Cold Days - Jim Butcher image
Following the resounding success of my Locus Quest, I faced a dilemma: which reading list to follow it up with? Variety is the spice of life, so I’ve decided to diversify and pursue six different lists simultaneously. This book falls into my FINISHING THE SERIES! list.

I loves me a good series! But I'm terrible for starting a new series before finishing my last - so this reading list is all about trying to close out those series I've got on the go.

My wife and I got to know each other by chatting over books on our lunch breaks. Once we’d established that we had similar tastes, we started lending each other books and then meeting up for after work drinks to discuss them. Then I stole her away from her fiancé and (exactly two years later) married her myself.

Shortly after she moved in with me, I started a new job with a film company in London, with an hourly train commute each way. She started lending me the Dresden Files and I devoured them on those train rides. Because she already owned the lot, I didn’t have to wait between each delicious fantasy-detective morsel and fully immersed myself in Harry’s adventures, one after the next.

The first few books of the series are about Harry establishing himself and Butcher establishing the wider magical world he inhabits. Then we get a stronger series thread weaving in with the war against the Red Court, leading up to the epic, dramatic climax of book twelve, Changes.

The follow-up to that, book thirteen, Ghost Story, left a fair amount of fans cold but I was prepared to be a little more forgiving. For the series to keep going and growing, Butcher needed to hit the reset button and boot-up with a fresh campaign. He laid the groundwork for that in Ghost Story, showing that the world as we knew it would go-on without Harry, leaving him free to step up to the next stage.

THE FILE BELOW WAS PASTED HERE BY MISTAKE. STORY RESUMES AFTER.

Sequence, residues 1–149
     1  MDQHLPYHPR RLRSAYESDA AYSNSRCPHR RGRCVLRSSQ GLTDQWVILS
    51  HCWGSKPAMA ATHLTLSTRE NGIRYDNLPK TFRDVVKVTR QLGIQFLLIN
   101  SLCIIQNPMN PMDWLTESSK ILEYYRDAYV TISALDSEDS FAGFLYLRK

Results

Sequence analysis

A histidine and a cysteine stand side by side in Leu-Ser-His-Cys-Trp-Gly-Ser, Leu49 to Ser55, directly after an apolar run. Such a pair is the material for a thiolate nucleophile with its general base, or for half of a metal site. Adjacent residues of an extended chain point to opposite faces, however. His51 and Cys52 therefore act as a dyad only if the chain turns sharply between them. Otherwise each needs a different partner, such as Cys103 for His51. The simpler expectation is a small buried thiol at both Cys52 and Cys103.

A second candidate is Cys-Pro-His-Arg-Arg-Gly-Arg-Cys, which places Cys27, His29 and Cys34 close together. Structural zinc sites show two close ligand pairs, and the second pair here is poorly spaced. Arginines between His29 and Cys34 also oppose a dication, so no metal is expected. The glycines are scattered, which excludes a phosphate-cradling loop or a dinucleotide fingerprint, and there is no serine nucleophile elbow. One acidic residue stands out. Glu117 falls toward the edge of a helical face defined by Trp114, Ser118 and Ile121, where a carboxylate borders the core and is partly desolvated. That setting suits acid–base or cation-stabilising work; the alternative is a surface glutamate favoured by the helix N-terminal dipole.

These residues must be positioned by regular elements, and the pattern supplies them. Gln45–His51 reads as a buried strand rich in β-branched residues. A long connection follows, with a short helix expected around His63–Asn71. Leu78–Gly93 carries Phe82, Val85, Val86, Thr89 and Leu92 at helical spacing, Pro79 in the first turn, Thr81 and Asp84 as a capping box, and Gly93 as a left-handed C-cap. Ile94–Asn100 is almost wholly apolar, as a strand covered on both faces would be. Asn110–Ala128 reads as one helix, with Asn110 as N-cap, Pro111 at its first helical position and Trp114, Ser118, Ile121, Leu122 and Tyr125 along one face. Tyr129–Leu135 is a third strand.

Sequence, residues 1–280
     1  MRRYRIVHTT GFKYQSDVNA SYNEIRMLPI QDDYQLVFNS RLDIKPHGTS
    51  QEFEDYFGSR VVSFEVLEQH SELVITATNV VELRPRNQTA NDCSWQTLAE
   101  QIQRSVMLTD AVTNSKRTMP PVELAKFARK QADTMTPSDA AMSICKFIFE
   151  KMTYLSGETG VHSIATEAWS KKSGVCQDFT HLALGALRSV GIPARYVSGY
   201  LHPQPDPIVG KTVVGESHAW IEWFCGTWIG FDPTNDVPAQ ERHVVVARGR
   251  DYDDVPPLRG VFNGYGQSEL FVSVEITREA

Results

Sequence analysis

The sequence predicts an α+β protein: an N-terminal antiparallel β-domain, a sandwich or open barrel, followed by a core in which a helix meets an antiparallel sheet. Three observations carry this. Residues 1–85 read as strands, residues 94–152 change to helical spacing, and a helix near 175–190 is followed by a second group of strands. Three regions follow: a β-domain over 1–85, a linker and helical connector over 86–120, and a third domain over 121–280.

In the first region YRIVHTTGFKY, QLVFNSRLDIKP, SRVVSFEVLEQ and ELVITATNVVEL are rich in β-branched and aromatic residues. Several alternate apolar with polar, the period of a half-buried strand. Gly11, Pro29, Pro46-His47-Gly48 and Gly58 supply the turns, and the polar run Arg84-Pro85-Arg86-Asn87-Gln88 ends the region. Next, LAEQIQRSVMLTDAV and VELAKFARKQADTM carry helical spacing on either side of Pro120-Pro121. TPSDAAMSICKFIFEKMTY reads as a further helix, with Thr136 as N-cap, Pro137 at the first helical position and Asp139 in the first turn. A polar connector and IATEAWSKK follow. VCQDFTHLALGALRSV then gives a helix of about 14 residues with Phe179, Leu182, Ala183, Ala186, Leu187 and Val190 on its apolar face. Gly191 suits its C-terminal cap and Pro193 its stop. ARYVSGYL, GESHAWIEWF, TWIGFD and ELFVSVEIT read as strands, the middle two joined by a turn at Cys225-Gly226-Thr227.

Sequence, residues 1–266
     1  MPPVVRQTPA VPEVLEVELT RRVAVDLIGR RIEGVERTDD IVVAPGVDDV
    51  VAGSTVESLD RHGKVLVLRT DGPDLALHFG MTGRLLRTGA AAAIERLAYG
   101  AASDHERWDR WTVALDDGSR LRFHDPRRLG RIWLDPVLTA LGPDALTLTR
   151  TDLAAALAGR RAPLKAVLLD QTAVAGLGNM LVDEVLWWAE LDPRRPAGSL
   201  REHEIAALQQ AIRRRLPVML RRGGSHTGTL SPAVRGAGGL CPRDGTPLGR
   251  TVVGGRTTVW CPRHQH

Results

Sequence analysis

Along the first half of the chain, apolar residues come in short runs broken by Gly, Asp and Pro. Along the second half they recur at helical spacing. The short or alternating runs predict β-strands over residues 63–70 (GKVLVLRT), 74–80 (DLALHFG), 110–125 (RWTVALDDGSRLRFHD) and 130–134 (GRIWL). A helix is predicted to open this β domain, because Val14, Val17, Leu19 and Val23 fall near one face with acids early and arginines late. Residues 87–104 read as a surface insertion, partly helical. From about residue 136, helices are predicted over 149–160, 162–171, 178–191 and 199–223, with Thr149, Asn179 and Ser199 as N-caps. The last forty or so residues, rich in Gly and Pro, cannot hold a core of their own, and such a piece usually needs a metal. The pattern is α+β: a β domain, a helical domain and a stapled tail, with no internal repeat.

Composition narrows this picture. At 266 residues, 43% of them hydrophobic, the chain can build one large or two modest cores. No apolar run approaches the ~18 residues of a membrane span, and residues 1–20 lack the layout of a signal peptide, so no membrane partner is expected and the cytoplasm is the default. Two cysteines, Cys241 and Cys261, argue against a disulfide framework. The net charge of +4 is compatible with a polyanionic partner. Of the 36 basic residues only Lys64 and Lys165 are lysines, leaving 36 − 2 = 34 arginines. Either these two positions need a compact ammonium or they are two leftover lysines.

In Cold Days, Dresden’s new campaign really gets up and running. In the previous books Harry was an impetuous youngster, often underestimated by his more powerful and experienced opponents. Nobody will make that mistake again! Harry is now a real power-player, able to go toe-to-toe with the big boys, and welcomed into the inner circle of a secret war.

It’s not a perfect book – because there are a lot of new developments to work through we end up with more condensed plot advancement and exposition than rests easily within the Dresden Files standard framework (it feels a touch like it’s bursting at the seams). And in a way, it’s a kind of sad development – Harry has now outgrown his allies – which means some of the wonderful cast we’ve come to love don’t have much to offer (except moral support).

But Cold Days is still a tremendously fun book! Anyone who’s made it this far in the series isn’t going to stop any time soon – and it’s such a beloved, familiar world that dipping back into the series is like coming home from a long trip, or relaxing into a warm bath – comfortable and cosy and delightful.

After this I read: A Storm of Swords: Blood and Gold